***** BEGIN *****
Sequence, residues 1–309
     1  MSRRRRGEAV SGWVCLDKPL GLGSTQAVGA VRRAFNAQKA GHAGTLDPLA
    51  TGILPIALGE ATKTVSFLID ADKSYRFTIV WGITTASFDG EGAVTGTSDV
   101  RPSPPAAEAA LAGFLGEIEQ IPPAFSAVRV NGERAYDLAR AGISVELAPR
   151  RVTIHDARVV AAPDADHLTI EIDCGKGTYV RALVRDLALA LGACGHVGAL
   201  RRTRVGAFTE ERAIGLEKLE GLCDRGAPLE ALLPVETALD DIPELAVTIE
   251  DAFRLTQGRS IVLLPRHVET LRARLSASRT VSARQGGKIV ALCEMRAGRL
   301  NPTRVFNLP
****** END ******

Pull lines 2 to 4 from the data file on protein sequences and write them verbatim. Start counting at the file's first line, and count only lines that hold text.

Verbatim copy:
     1  MSRRRRGEAV SGWVCLDKPL GLGSTQAVGA VRRAFNAQKA GHAGTLDPLA
    51  TGILPIALGE ATKTVSFLID ADKSYRFTIV WGITTASFDG EGAVTGTSDV
   101  RPSPPAAEAA LAGFLGEIEQ IPPAFSAVRV NGERAYDLAR AGISVELAPR